Back Pain and Emotional Distress 

Back pain is one of the problems most often seen by health care providers. In fact, four out of five adults will experience an episode of significant back pain sometime during their life. Fortunately, the majority of patients with back pain will successfully overcome their discomfort and return to normal social and work activities within 2-4 months, often without treatment.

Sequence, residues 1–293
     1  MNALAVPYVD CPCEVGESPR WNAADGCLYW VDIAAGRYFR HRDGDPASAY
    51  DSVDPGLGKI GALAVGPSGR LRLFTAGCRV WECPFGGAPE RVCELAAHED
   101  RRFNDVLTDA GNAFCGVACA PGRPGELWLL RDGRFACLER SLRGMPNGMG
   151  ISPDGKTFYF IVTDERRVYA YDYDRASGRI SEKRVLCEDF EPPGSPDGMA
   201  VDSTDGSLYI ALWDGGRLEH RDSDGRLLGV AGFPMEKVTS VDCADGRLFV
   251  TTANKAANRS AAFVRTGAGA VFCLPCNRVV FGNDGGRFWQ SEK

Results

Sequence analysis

It is quite normal to have emotional reactions to acute back pain. These reactions can include fear, anxiety and worry about what the pain means, how long it will last and how much it will interfere with activities of daily living. In fact, pain is a complex experience that includes both physical and psychological factors. Indeed, in 1979, the major professional organization specializing in pain—the International Association for the Study of Pain—introduced the most widely used definition of pain: “an unpleasant sensory and emotional experience associated with actual or potential damage, or described in terms of such damage.” The emotional or psychological aspect is an integral part of the overall pain experience, and it is normal to avoid activity that causes pain. But taking an active role in managing pain and participating in physician guided activities are key steps in recovery.



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